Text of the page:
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Tribal communities from five states, including Jharkhand, Odisha, and Assam, are demanding that their religion be designated as “Sarna” and that they be counted as such in the next census.

They argue that tribal people have their own religion, religious practices, and customs, which the government should recognize. In the country, tribal communities are misled into embracing other faiths.

“We adivasis are neither Hindus nor Christians,” Salkhan Murmu, a prominent tribal leader from Jharkhand, told PTI. “We have our own way of life, religious practices, customs, culture, and religious thoughts that are distinct from any other religion.” We worship nature rather than idols. “There is no Varna system in our society, nor is there any kind of inequality,” he stated.

What exactly is the Sarna religion?

People who believe in Sarna practice nature worship. They believe in “Jal, Jungle, Zameen,” and thus worship trees and hills, as well as protecting forest areas.

Jharkhand is home to 32 tribal groups, eight of which are particularly vulnerable. Many adhere to Hinduism, while others have converted to Christianity. As a result, a segment of the community wanted to preserve the community’s religious identity, so they began demanding a separate Sarna religious code for the upcoming census.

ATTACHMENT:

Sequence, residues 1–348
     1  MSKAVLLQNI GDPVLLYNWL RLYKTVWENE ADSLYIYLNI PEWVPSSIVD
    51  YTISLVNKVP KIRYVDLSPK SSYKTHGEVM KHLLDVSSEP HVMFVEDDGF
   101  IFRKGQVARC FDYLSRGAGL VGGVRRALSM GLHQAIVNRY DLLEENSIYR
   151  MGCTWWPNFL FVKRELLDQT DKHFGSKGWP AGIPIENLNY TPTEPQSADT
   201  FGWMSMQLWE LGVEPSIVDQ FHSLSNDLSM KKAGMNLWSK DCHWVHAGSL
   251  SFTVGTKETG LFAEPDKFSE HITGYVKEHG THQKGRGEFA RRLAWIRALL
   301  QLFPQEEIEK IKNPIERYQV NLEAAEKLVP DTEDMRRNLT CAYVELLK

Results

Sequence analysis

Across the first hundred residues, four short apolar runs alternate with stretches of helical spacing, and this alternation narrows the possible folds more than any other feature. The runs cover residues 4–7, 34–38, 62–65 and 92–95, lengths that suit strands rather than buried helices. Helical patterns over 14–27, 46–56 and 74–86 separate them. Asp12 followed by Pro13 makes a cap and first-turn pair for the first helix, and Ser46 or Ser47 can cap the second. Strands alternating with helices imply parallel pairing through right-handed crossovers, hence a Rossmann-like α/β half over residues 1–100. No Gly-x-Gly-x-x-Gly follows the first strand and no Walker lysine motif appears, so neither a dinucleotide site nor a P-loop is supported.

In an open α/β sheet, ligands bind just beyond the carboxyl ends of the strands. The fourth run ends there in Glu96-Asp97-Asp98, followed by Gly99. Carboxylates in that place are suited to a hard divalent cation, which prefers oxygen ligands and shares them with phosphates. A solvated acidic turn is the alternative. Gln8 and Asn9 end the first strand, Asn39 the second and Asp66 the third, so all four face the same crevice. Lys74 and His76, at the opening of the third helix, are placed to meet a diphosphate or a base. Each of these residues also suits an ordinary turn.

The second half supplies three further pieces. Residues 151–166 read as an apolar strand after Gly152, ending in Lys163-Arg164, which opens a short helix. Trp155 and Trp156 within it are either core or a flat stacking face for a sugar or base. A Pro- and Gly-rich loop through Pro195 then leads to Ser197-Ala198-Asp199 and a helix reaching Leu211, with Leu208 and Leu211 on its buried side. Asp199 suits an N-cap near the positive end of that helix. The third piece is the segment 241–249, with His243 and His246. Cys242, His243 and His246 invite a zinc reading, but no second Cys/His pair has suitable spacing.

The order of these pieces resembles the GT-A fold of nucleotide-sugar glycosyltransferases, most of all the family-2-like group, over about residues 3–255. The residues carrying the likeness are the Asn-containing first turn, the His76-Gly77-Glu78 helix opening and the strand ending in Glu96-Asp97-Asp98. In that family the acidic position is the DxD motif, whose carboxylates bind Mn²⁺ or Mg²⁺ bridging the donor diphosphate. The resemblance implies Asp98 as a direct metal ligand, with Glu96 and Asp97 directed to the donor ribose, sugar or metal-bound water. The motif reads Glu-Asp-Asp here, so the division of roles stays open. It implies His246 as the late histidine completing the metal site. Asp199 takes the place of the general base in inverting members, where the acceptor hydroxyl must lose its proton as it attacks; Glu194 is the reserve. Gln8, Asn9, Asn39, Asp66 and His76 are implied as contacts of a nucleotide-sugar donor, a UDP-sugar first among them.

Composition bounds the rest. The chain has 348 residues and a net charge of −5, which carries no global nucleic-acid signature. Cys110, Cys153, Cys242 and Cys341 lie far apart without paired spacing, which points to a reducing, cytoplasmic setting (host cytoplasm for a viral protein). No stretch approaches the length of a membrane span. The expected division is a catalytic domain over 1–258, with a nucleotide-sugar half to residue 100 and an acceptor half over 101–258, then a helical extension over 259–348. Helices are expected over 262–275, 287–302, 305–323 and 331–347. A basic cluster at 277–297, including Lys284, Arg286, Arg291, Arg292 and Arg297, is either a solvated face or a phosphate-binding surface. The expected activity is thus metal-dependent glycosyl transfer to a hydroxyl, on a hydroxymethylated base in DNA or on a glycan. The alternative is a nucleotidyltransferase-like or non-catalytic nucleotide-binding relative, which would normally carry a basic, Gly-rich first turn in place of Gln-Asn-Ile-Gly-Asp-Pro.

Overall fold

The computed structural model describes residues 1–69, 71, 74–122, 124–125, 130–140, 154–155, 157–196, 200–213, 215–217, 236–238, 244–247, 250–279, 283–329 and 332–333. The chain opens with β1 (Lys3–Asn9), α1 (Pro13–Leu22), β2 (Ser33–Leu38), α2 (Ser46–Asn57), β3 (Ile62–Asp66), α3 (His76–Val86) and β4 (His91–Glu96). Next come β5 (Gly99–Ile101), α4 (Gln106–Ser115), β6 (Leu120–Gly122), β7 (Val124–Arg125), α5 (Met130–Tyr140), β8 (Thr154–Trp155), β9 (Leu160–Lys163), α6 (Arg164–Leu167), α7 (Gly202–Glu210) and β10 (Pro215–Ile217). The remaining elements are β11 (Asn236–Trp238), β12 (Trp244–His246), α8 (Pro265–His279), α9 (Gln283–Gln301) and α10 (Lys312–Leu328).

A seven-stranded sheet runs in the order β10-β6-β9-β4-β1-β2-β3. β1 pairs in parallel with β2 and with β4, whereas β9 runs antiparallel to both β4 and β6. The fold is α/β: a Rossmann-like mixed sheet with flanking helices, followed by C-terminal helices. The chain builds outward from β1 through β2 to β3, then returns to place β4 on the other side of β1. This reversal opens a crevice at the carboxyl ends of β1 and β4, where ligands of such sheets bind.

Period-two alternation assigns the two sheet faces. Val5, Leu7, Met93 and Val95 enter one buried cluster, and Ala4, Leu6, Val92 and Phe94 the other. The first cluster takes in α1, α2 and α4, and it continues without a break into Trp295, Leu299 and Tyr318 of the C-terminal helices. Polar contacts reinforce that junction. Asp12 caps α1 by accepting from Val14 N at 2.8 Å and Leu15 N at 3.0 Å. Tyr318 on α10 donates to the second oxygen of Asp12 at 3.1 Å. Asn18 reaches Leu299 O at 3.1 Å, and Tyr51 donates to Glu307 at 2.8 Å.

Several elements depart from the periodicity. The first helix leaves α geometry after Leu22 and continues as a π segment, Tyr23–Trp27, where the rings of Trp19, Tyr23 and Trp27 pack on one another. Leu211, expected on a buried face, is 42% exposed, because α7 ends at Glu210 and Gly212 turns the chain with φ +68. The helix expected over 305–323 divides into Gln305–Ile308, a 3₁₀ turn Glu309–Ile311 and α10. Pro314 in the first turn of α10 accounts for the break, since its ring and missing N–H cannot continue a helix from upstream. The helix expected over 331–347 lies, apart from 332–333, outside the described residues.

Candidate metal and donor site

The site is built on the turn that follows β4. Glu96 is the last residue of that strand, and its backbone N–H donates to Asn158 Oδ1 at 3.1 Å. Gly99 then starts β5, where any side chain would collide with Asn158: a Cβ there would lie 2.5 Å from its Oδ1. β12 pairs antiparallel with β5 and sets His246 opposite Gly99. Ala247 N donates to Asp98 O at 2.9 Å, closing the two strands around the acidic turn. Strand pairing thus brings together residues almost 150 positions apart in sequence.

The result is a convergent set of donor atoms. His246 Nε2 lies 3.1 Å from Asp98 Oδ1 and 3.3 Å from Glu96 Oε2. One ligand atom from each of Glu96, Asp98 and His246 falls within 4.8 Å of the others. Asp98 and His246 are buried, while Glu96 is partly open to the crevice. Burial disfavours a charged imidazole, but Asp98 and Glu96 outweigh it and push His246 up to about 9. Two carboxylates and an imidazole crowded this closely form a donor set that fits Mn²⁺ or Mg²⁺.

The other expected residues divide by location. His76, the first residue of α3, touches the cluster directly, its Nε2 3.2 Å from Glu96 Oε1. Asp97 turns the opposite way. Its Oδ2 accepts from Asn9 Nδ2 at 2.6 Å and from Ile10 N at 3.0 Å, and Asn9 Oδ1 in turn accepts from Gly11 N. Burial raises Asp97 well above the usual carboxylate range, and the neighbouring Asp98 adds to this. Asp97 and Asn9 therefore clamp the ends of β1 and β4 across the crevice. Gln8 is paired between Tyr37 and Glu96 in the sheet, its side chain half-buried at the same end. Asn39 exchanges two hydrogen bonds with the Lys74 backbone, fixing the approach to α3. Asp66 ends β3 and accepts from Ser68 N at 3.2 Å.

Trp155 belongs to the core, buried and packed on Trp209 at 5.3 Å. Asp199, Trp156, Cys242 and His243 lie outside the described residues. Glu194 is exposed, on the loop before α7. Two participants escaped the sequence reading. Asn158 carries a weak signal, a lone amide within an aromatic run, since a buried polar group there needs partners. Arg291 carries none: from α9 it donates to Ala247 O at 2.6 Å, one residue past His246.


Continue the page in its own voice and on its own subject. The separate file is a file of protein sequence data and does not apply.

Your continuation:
According to the report, over 50 lakh tribes in the country declared their religion as ‘Sarna’ in the 2011 census, which was not even a code.

What is the demand for the Sarna religious code?

The Jharkhand government passed a resolution in November 2020 requesting that the Centre government recognize the Sarna religion and include it as a separate code in the next Census. The tribal population in Jharkhand fell from 38.3 percent in 1931 to 26.02 percent in 2011. However, tribal members who migrate for work are not counted in the census because they are not counted as tribal in other states. As a result, the separate code will aid in the recording of their population across the country.

In 2013, a statue depicting Mother Mary in a saree, her hair in a bun, bangles around her wrists, and carrying infant Jesus on a sling like a tribal woman was installed in Singhpur, fueling demand for a separate code.

Saran followers and leaders saw this as a strategy for converting tribes to Christianity.

According to The Hindu, with growing demands for a Sarna religious code in the next census, RSS-backed outfits in Jharkhand are attempting to persuade tribal people that they are Hindus.

“Christian missionaries first started converting poor tribal communities with the promise of English education, jobs, and hospitals,” activist Handu Bhagat told The Hindu ” Now, Hindu groups are employing the same tactics to accomplish something far more sinister: changing the very nature of what tribal people believe Sarnaism is and how it should be practiced.”

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